When I was growing up, my grandparents had a house in Montana and every fourth of July we would go to the rodeo. So when I wandered over the Rodeo Infield on Day 1, I thought I would be in familiar territory. And there were all the cowboys in their hats and chaps and vests, just like I remembered.
But then I looked out behind the stands and saw this maze of pens and cowboys and animals and realized I haven’t a clue on what really goes into a rodeo. Our resident animal care and rodeo event expert, Bonni Clark, took us on a tour behind the chutes.
Before you ever see them ride out into the arena, the horses travel down a laneway from the barns to the holding pens. Bonni explained that bucking horses are somewhere between domesticated and wild horses. They are trained to load up in trucks and are familiar with barns and pens, but they spend most of their lives in natural herds with minimal contact with people. All horses naturally buck off riders, and that instinct has been boosted in bucking stock through the positive reinforcement of always “winning” – getting the cowboys off their backs.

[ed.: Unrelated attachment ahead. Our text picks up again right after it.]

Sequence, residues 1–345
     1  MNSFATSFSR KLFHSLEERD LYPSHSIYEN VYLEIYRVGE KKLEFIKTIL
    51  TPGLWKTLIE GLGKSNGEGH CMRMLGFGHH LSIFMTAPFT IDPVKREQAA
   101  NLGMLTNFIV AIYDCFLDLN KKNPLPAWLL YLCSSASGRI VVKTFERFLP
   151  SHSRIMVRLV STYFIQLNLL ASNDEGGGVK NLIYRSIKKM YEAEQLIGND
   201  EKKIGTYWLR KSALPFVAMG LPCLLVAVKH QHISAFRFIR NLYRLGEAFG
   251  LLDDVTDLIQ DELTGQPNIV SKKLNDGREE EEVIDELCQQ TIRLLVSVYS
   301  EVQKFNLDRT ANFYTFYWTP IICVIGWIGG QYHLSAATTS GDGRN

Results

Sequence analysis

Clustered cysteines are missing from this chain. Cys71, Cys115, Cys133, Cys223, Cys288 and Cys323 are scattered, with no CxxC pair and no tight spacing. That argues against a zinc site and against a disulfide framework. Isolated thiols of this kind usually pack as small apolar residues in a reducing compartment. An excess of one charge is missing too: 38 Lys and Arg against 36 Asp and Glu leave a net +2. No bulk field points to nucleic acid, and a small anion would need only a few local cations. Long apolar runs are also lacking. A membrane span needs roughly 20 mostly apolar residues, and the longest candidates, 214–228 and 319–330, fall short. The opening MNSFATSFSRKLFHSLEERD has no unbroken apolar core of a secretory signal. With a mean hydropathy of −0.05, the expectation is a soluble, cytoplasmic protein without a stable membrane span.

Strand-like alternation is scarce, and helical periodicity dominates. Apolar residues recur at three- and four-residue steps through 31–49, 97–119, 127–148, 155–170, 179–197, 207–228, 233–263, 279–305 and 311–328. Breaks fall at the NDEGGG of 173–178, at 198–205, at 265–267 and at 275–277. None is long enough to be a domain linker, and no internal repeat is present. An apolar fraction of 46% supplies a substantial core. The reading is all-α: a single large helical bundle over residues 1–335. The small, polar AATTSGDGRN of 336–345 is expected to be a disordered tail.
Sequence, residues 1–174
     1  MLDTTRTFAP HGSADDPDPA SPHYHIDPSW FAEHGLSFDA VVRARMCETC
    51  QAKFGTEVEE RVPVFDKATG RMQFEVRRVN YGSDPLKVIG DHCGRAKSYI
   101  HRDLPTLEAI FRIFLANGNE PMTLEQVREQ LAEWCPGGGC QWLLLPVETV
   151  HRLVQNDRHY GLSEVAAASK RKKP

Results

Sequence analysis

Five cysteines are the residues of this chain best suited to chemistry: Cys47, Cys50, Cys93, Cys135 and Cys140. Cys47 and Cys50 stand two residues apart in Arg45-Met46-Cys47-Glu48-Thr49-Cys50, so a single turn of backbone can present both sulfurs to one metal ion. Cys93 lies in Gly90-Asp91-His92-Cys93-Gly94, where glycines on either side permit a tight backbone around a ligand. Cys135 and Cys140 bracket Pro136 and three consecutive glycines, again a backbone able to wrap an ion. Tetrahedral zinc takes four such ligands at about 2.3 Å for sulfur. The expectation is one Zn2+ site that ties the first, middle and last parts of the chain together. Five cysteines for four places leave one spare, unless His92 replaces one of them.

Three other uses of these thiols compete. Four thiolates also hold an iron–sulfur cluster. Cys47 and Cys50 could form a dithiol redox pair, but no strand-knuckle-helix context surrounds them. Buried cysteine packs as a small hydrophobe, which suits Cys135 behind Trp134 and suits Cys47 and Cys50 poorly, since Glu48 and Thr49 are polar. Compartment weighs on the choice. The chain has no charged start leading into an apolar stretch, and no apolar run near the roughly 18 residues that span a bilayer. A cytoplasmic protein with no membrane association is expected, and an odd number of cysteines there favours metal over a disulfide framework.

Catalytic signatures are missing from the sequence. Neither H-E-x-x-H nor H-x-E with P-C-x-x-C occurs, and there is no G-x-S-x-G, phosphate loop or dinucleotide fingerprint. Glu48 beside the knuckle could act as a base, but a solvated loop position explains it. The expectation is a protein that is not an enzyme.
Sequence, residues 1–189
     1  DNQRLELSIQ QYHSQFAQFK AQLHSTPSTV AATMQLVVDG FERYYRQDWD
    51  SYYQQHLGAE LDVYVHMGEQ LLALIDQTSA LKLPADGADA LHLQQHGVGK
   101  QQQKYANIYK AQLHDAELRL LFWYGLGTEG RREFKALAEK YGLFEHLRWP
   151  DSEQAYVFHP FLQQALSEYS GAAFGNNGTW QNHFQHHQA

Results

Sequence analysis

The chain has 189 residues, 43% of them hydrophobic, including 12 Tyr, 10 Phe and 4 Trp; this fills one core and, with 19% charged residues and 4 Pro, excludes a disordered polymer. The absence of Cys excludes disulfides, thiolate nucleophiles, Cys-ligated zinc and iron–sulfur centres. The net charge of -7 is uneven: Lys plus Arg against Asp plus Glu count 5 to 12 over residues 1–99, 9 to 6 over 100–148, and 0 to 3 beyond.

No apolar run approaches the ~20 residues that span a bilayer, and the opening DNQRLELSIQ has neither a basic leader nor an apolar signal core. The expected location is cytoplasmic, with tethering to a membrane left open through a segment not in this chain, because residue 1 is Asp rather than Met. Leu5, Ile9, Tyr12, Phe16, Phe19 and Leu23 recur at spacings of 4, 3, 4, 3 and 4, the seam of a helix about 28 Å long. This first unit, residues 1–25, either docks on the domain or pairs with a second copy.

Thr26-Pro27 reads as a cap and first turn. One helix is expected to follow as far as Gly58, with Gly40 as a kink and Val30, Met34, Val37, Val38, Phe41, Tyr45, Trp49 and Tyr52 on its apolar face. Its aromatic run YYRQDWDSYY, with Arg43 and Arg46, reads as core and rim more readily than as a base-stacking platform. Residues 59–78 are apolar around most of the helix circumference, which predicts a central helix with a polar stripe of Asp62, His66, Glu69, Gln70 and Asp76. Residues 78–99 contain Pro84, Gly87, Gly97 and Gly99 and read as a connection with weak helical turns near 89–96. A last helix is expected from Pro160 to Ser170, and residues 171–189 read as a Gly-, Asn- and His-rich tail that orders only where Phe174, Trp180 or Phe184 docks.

From the holding pens the horses are maneuvered through a series of gates, one at a time.
And then finally make their way into the chutes to meet their cowboys.
Did you know the cowboy’s vest is like armour? It disperses the impact if a horse or bull steps on the cowboy and protects their vital organs.
The rest of the story, as you know, all goes down in eight seconds or less.